Searching over 5,500,000 cases.


searching
Buy This Entire Record For $7.95

Download the entire decision to receive the complete text, official citation,
docket number, dissents and concurrences, and footnotes for this case.

Learn more about what you receive with purchase of this case.

Barnes v. Raytheon Technical Services Company, LLC

United States District Court, Ninth Circuit

May 28, 2013

Terrence Barnes, Plaintiff,
v.
Raytheon Technical Services Company, LLC, an Arizona Corporation, Defendant.

ORDER

CINDY K. JORGENSON, District Judge.

Pending before this Court is Defendant's Motion to Dismiss for Failure to State a Claim upon Which Relief Can Be Granted and Failure to Join a Party Under Rule 19. (Doc. 10). The Court finds these matters appropriate for decision without oral argument. See LRCiv. 7.2(f).

I. Background

Defendant Raytheon Technical Services Company ("Raytheon") is a technology company that specializes in defense, homeland security, and aerospace matters. Raytheon contracts with the United States Army's ("Army") Program Executive Office for Simulation, Training, and Instruction, known as the Warfighter Field Operations Customer Support Program. (Doc. 10-1). Through this Army program, Raytheon trains Army personnel in the use of unmanned aircraft systems. Id. Raytheon has a subcontract with General Dynamics Information Technology ("GDIT"). Id. GDIT provides the Army with training personnel. Id.

Plaintiff Terrence Barnes, is a disabled former employee with GDIT. (Doc. 1). Initially Plaintiff was hired as a flight instructor. Id. As a flight instructor he was required to pass a FAA flight physical. Id. In 2008, Plaintiff was promoted to Site Lead, which included administrative, logistical, and instructional oversight for flight operations. Id. A year later in 2009, Plaintiff was promoted to a higher instructional position and remained as the Site Lead. Id. During this time, Plaintiff maintained his FAA flight physical because he continued to have instructional duties. Id. In May 2011, Plaintiff was promoted to General Manager II, which was a full-time management position.[1] Id. Plaintiff ceased all instructional duties. Id. On July 26, 2012, GDIT terminated Plaintiff's employment because he was unable to pass the FAA flight physical. Id.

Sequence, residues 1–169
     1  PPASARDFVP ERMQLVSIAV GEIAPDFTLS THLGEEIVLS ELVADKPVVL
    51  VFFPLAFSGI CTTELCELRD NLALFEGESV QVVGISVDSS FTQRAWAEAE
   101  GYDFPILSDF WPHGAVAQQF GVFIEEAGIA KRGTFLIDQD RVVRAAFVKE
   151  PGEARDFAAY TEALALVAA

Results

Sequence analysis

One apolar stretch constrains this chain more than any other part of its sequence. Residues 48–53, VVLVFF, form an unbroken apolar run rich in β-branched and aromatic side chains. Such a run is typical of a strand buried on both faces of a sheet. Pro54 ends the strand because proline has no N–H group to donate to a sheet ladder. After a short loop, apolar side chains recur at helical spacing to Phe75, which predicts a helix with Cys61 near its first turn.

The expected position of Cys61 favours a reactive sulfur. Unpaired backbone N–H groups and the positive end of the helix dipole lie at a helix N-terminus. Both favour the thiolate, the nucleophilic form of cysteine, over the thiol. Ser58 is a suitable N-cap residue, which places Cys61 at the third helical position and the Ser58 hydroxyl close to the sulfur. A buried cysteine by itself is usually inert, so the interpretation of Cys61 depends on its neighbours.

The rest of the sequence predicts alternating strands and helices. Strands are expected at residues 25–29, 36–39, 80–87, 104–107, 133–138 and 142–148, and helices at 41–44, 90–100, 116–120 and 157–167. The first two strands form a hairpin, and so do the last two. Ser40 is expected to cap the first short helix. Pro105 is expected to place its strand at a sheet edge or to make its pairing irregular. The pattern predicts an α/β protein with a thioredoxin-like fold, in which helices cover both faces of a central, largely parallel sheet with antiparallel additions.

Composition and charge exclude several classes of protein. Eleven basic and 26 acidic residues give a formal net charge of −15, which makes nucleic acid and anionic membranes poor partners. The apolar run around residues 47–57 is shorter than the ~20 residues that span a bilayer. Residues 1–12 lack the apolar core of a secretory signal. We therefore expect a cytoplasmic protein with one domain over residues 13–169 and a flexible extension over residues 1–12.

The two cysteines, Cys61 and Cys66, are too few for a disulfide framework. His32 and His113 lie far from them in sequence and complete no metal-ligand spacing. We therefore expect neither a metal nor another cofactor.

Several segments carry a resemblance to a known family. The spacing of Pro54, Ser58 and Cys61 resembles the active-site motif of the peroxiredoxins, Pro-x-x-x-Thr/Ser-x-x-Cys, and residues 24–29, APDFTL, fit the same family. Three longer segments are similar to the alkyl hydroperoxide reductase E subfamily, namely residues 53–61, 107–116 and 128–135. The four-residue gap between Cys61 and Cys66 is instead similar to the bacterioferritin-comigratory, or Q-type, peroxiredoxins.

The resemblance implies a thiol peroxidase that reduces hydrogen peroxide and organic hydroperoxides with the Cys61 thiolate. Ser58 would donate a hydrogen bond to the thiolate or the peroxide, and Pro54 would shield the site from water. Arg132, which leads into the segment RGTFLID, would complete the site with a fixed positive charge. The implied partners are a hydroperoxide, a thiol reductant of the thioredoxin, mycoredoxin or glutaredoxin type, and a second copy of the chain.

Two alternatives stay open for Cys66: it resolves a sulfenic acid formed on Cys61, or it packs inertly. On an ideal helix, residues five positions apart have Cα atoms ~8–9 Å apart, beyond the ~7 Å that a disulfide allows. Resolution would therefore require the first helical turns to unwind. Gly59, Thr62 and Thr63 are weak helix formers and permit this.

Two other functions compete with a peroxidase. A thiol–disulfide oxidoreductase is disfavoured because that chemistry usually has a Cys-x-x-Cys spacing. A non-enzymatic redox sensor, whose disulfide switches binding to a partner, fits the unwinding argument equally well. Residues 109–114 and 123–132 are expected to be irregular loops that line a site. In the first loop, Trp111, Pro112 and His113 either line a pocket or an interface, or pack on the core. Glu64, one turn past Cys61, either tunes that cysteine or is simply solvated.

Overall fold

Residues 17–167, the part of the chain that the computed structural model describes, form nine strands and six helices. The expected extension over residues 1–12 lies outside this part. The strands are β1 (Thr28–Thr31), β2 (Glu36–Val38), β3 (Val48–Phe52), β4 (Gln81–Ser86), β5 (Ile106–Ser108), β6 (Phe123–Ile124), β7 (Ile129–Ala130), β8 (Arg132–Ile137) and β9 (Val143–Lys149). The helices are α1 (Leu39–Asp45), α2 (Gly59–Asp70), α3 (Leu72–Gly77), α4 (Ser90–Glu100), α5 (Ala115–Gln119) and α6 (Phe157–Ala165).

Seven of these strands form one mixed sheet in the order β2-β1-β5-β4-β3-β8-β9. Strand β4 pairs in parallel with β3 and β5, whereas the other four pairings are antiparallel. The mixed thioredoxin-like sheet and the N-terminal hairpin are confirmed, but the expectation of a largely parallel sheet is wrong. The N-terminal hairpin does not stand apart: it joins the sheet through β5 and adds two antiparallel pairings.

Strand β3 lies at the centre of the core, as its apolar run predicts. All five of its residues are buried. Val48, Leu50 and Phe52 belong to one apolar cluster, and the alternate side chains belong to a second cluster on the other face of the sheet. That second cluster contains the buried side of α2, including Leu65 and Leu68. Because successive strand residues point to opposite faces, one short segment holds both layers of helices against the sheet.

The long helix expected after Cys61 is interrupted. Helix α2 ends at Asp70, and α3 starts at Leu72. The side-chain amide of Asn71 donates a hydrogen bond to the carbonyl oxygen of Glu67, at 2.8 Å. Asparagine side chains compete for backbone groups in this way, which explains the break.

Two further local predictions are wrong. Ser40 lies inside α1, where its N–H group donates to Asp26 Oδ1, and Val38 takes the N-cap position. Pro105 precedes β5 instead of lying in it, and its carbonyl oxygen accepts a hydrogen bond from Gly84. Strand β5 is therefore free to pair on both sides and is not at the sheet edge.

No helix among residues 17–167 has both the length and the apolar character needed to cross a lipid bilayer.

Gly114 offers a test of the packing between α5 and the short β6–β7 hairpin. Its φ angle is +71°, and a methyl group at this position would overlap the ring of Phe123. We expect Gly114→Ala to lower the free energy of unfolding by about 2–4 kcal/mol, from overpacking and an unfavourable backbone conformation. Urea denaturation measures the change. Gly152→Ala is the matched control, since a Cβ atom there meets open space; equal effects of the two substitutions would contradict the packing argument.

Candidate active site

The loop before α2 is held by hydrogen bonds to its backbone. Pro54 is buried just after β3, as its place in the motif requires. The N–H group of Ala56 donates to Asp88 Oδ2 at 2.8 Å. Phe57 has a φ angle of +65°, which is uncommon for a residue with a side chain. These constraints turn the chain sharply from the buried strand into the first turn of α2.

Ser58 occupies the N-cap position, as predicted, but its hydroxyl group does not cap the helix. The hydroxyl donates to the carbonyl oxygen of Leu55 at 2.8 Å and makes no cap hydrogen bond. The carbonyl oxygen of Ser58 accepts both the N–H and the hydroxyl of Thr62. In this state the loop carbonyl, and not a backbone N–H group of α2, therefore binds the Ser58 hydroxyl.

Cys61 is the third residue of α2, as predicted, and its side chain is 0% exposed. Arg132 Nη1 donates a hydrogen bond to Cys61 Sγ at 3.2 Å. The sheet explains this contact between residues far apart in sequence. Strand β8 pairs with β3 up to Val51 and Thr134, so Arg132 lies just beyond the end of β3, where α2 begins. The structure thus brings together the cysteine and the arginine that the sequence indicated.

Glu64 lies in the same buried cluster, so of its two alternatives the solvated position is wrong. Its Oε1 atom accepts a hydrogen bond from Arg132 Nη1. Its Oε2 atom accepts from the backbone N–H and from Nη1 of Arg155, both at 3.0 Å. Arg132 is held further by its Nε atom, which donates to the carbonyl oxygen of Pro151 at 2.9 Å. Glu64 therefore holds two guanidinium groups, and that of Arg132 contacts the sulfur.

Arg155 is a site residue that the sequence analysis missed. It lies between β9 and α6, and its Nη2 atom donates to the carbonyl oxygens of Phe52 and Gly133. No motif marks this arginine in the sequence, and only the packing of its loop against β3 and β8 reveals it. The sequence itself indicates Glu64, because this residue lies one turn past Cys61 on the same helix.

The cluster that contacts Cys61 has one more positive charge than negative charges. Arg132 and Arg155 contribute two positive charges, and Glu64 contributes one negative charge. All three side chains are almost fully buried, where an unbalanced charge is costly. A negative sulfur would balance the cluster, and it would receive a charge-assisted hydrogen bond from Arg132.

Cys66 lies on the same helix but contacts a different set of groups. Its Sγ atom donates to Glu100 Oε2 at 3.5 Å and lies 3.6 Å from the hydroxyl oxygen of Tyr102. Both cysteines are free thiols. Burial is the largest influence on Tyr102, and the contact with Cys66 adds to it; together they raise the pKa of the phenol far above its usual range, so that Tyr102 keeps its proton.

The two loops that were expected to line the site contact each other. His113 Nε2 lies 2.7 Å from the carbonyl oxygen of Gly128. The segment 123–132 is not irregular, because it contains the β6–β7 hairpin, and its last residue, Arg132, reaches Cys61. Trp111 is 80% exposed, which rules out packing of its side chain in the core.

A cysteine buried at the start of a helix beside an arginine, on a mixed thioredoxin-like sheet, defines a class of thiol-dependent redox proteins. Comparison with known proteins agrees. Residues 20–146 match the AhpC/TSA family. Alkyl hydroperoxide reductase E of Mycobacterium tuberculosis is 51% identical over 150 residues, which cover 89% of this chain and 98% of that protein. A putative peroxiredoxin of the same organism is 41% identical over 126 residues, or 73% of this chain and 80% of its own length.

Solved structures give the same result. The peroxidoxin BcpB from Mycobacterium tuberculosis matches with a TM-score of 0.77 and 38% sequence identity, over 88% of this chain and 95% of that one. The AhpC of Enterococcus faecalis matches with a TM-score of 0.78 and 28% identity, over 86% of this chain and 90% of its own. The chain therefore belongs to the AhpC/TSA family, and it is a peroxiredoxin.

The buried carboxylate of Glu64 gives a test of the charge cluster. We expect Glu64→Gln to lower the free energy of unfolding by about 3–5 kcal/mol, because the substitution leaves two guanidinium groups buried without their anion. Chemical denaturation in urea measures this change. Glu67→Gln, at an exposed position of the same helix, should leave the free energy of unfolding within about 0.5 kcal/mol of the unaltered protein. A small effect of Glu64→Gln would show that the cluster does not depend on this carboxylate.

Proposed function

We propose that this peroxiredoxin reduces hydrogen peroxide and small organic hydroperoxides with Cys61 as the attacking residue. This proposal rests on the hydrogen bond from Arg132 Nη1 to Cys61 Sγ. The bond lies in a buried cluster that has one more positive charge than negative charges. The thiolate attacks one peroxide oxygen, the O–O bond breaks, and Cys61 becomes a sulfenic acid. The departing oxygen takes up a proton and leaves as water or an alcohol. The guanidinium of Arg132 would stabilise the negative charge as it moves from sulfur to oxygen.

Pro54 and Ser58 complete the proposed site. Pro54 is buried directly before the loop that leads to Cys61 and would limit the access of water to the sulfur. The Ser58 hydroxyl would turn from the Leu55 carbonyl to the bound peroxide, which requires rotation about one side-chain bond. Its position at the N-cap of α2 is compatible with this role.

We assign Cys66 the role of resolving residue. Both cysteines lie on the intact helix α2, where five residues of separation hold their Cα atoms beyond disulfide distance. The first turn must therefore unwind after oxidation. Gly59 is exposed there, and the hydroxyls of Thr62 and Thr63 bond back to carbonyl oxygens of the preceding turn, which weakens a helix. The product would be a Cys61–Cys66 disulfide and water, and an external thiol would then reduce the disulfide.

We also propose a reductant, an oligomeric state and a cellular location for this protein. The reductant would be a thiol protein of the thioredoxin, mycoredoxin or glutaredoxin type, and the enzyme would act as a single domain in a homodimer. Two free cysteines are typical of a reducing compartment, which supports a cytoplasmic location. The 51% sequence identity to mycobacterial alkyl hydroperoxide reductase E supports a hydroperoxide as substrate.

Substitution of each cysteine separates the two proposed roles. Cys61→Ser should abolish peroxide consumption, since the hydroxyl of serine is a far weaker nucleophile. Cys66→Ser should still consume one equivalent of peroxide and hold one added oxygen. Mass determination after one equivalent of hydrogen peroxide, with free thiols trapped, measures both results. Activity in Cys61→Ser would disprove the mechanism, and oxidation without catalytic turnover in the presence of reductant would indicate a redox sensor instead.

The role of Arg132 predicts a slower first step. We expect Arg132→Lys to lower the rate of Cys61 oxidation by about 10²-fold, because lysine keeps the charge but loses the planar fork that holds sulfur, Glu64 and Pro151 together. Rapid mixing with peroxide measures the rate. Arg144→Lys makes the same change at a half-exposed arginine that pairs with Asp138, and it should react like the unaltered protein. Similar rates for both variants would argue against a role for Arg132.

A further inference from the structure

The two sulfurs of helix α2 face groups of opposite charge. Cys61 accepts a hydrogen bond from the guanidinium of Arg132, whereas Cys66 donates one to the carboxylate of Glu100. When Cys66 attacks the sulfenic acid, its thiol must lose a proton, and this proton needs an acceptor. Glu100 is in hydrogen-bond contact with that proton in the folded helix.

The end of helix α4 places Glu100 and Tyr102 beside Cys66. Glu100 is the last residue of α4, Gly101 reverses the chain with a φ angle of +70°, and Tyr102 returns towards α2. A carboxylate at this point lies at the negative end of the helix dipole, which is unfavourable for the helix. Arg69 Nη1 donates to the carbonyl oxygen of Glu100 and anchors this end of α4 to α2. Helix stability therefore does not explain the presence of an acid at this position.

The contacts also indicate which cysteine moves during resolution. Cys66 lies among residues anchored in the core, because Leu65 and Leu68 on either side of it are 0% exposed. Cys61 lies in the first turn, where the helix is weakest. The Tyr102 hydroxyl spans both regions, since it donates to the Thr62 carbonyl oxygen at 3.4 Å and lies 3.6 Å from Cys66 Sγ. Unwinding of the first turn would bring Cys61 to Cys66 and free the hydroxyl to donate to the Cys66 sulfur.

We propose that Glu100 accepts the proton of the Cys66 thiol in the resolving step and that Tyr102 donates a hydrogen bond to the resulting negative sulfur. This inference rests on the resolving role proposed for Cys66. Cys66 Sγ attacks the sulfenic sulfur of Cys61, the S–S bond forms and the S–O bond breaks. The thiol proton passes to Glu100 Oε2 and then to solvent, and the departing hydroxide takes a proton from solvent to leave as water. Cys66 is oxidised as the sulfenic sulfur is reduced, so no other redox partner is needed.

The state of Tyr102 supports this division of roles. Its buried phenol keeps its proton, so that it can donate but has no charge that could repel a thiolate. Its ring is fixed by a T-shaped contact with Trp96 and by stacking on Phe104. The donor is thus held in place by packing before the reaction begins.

On November 13, 2012, Plaintiff filed a Complaint alleging that Raytheon discriminated against Plaintiff in violation Sections 503 and 504 of the Rehabilitation Act, 29 U.S.C. §794. Id. Specifically, Plaintiff argues that on June 26, 2012, Raytheon directed GDIT to order Plaintiff to pass a FAA flight physical within thirty days. After Plaintiff was unable to pass the FAA flight physical within the thirty day limit, Raytheon directed GDIT to terminate Plaintiff's employment. Plaintiff alleges that Raytheon was aware that Plaintiff was disabled and held a managerial position, which did not require his ability to pass the FAA flight physical. Plaintiff further alleges that Raytheon only required Plaintiff to pass the FAA flight physical, which it knew he could not pass, with the intention of terminating his employment.

On February 14, 2013, Raytheon filed a Motion to Dismiss for Failure to State a Claim Upon Which Relief Can be Granted and Failure to Joint a Party Under Rule 19. (Doc. 10). Plaintiff filed his opposition on March 8, 2013. (Doc. 14). Raytheon filed a Reply on March 22, 2013. (Doc. 17).

II. Private Right of Action

Raytheon argues that Plaintiff's cause of action pursuant to Section 503 of the Rehabilitation Act must be dismissed because section 503 does not permit a private right of action. In response, Plaintiff argues that since he is seeking relief against Raytheon under section 504 of the Rehabilitation Act, he may allege Raytheon's violations of sections 503 and 504. Plaintiff does not cite any authority to support his position.

Section 503 of the Rehabilitation Act contains an express enforcement scheme. Accordingly, violations of section 503 are handled by the Department of Labor. See 29 U.S.C. §793. "Section 503 does not expressly provide that its provisions may be enforced through a private right of action." Fisher v. City of Tucson, 663 F.2d 861, 862 (9th Cir. 1981). Additionally, there is no implied private right of action under section 503 of the Rehabilitation Act. Id. at 867. Further, Plaintiff may not circumvent the prohibition of a private right of action under section 503 by asserting his section 503 claim via section 504 of the Rehabilitation Act. See Meyerson, v State of Ariz., 709 F.2d 1235, 1238 (9th Cir. 1983) vacated on other grounds, 465 U.S. 1095 (1984). Therefore, Plaintiff cannot state a claim for relief pursuant to section 503.

III. Failure to Join a Party

Standard

Federal Rule of Civil Procedure "19 governs compulsory party joinder in federal district courts." E.E.O.C. v. Peabody Western Coal Co., 400 F.3d 774, 778 (9th Cir. 2005). Rule 19 "provides a three-step process for determining whether the court should dismiss an action for failure to join a purportedly indispensable party." U.S. v. Bowen, 172 F.3d 682, 688 (9th Cir. 1999). The first step is to determine if the absent party is necessary. Id. Pursuant to Rule 19,

[a] person who is subject to service of process and whose joinder will not deprive the court of subject matter ...

Buy This Entire Record For $7.95

Download the entire decision to receive the complete text, official citation,
docket number, dissents and concurrences, and footnotes for this case.

Learn more about what you receive with purchase of this case.